Michael Landon played many characters throughout his life. His shows Bonanza, Little House on the Prairie, and Highway to Heaven required him to wear different costumes. The late Little House on the Prairie producer Kent McCray told a funny story about the day Landon tried to purchase alcohol while dressed like a priest.
Michael Landon’s career
One of Landon’s early acting roles was in a 1955 episode of Luke and the Tenderfoot titled “The Boston Kid.” He played the role of Clyde Meacham. The following year, Landon appeared in an episode of The Sheriff of Cochise titled “Human Bomb.” He made his film debut in the 1957 movie I Was a Teenage Werewolf.
Landon’s fame grew after joining the Bonanza cast in 1959. He played Joseph “Little Jo” Cartwright until the show ended in 1973. Landon became a household name after playing Charles Ingalls on Little House on the Prairie from 1974 to 1983.
Landon continued to have success when he began playing Jonathan Smith on Highway to Heaven. Landon’s final on-screen appearance was in the TV movie Us.
Michael Landon once tried to buy alcohol while dressed as a priest
Landon sometimes went home in his TV costumes. One day, he decided to go home while dressed as a priest. On his way home, Landon decided to stop at a liquor store so he could buy a bottle of wine for dinner. However, the store clerk wouldn’t let Landon make the purchase. He didn’t recognize him, and he thought Landon was a religious leader.
According to McCray, the clerk said, “Father, I can’t let you spend this kind of money on a bottle of wine. I’m not gonna let you buy this.”
McCray said Landon told the clerk he wasn’t really a priest; he was an actor. However, the clerk insisted he wasn’t going to let him buy the wine. Landon had to get his driver to come into the shop and explain to the clerk that he was an actor, and he was wearing a costume.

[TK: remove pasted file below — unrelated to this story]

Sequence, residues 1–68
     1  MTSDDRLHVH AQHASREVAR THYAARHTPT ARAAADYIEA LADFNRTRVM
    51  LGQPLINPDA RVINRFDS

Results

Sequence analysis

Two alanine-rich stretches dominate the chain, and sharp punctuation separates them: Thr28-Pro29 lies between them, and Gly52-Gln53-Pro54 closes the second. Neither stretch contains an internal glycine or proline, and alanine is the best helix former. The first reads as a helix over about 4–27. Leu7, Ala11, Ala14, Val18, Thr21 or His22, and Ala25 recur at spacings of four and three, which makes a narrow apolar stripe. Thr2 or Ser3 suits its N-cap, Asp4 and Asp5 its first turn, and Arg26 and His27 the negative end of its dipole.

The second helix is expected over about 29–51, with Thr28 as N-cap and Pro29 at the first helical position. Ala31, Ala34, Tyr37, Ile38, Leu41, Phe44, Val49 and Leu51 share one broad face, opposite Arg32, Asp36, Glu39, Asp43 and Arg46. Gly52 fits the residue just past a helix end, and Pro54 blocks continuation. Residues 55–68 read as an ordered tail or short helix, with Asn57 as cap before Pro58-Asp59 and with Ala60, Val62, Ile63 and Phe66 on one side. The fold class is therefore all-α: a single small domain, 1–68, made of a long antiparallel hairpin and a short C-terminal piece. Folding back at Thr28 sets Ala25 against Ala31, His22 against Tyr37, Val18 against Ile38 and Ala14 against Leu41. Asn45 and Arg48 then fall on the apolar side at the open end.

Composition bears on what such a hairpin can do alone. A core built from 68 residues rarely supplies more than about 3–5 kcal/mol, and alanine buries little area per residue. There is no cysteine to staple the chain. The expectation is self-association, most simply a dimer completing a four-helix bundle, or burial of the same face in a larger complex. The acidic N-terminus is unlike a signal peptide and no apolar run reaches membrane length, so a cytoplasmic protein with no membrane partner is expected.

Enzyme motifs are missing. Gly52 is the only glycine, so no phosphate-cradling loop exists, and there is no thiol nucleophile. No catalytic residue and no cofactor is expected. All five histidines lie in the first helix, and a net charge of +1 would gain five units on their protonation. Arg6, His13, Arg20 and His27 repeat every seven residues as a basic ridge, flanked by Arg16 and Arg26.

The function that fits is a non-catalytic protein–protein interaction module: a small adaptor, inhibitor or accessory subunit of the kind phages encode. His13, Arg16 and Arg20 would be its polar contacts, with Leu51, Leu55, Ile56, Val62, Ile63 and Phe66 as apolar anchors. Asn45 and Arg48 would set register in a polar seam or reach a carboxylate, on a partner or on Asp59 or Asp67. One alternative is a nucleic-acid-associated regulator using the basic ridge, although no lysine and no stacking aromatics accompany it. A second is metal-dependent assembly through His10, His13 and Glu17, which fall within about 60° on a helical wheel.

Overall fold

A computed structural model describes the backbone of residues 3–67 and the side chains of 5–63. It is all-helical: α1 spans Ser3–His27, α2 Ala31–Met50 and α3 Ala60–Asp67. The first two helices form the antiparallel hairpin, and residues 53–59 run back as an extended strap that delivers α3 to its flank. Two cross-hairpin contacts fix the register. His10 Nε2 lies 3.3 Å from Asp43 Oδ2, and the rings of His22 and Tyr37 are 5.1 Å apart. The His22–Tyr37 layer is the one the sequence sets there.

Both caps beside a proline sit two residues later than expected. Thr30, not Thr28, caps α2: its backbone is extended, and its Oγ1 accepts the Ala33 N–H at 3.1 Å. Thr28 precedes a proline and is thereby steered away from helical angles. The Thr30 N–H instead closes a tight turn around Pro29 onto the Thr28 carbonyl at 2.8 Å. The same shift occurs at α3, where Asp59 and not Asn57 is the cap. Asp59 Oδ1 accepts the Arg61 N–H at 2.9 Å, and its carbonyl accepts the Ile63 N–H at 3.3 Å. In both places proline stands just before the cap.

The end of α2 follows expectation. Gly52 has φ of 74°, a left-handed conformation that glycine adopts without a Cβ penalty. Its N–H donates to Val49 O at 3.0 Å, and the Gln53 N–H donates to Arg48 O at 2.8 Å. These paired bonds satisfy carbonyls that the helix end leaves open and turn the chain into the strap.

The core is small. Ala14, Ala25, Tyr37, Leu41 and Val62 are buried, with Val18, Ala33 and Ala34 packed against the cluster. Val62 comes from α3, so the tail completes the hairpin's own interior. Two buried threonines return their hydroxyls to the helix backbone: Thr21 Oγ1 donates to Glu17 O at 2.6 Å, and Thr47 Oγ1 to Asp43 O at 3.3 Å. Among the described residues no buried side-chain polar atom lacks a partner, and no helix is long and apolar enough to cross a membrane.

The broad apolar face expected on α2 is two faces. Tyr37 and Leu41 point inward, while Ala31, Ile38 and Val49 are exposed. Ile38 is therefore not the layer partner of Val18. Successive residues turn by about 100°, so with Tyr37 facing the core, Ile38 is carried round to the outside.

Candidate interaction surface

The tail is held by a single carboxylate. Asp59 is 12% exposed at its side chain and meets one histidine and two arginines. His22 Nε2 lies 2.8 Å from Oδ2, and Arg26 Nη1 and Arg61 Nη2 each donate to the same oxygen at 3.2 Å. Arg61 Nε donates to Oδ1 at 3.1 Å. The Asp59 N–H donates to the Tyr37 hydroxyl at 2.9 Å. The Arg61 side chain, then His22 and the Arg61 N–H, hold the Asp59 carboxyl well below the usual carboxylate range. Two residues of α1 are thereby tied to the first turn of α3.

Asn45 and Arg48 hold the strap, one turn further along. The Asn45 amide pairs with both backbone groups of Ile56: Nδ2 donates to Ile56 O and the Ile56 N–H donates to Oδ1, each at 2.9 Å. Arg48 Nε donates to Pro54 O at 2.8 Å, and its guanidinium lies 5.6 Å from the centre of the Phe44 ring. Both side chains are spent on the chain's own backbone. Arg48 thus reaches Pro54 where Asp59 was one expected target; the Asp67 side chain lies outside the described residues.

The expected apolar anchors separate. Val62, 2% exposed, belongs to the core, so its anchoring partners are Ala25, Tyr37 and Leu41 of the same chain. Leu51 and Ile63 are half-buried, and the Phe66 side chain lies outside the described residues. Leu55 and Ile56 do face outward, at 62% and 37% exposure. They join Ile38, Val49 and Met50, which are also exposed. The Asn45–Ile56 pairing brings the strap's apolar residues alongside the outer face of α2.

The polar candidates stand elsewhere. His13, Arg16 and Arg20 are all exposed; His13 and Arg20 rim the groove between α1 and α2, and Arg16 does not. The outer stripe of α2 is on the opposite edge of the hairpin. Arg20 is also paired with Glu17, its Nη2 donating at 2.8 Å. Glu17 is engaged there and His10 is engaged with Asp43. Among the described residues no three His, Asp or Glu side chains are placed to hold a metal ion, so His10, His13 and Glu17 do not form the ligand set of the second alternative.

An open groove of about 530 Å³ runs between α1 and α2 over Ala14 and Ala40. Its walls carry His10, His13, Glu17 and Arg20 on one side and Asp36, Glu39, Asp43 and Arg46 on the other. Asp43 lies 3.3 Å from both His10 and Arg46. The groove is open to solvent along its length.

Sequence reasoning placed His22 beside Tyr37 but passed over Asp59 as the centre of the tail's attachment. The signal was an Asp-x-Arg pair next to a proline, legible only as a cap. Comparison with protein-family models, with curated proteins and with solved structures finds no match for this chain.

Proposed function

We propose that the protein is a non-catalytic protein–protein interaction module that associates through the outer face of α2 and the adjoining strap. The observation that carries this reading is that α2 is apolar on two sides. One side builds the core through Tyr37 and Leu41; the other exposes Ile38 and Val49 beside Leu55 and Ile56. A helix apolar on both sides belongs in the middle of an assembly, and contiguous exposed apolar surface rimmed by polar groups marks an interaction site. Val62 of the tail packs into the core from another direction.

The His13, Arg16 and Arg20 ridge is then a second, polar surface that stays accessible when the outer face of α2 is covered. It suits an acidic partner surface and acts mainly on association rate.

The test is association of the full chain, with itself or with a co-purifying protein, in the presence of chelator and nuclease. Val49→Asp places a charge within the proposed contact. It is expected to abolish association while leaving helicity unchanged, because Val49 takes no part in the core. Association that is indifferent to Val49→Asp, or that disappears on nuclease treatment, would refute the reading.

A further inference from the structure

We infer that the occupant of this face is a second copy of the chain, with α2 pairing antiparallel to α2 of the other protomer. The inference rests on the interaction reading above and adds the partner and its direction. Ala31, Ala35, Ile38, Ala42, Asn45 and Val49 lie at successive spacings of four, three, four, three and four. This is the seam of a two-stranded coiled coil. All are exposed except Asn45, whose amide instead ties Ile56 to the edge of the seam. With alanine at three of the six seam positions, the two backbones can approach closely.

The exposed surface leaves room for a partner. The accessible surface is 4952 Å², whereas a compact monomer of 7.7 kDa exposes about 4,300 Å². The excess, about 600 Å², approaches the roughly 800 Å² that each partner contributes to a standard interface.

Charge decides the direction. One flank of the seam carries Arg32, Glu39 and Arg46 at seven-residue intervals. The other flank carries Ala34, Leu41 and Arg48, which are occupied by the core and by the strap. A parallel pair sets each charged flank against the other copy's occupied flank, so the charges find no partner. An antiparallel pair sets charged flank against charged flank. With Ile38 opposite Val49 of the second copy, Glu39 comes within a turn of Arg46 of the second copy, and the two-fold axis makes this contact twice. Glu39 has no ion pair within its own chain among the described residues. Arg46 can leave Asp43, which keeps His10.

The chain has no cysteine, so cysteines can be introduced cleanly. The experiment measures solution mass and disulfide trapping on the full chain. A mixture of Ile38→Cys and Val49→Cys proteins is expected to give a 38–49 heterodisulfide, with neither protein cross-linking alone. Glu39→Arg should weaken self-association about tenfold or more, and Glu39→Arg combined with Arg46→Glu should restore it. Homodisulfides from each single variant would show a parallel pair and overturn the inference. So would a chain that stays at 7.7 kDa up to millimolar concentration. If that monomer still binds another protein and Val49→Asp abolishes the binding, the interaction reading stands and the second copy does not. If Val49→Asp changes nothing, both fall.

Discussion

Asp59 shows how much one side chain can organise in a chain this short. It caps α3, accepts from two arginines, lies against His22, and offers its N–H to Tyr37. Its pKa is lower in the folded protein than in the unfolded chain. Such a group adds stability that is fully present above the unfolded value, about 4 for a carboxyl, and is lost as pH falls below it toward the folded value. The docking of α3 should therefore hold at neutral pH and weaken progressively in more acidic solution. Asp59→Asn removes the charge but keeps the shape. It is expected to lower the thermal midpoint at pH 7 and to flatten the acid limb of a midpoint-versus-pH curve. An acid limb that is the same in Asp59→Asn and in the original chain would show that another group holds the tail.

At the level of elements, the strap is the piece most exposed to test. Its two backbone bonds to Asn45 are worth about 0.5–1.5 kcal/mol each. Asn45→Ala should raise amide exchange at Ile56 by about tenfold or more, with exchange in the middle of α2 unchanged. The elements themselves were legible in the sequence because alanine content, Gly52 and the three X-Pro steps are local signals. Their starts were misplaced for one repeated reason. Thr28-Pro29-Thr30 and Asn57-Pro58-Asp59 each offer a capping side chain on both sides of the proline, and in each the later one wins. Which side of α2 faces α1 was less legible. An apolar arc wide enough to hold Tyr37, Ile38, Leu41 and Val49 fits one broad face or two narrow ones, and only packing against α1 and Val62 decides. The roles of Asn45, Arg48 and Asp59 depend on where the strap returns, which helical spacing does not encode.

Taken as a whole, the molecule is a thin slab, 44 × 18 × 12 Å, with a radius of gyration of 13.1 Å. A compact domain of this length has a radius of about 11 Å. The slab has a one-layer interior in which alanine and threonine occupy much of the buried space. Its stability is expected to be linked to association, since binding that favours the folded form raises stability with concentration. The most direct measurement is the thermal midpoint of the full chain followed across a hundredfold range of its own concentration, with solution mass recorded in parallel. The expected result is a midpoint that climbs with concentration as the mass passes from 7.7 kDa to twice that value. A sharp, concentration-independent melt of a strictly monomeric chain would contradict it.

Michael Landon tried to provide jobs for his employees
Going home in his work costume isn’t the only time Landon took his work home with him. He often thought about his employees well after the workday was done. Landon cared about his employees and wanted to make sure they had a steady income.
In Conversations with Michael Landon by Tom Ito, Landon spoke about the pressure he felt to keep his crew employed. He described them as people who took their jobs seriously, and he wanted them to be able to provide for themselves and their families. However, Landon sometimes felt “trapped” by the “obligation” to make sure everyone had a job.
“I have to get myself away from the obligation of keeping everybody working all the time, because I’m not the only person in town,” said Landon. “You trap yourself into an obligation to make everybody’s job.”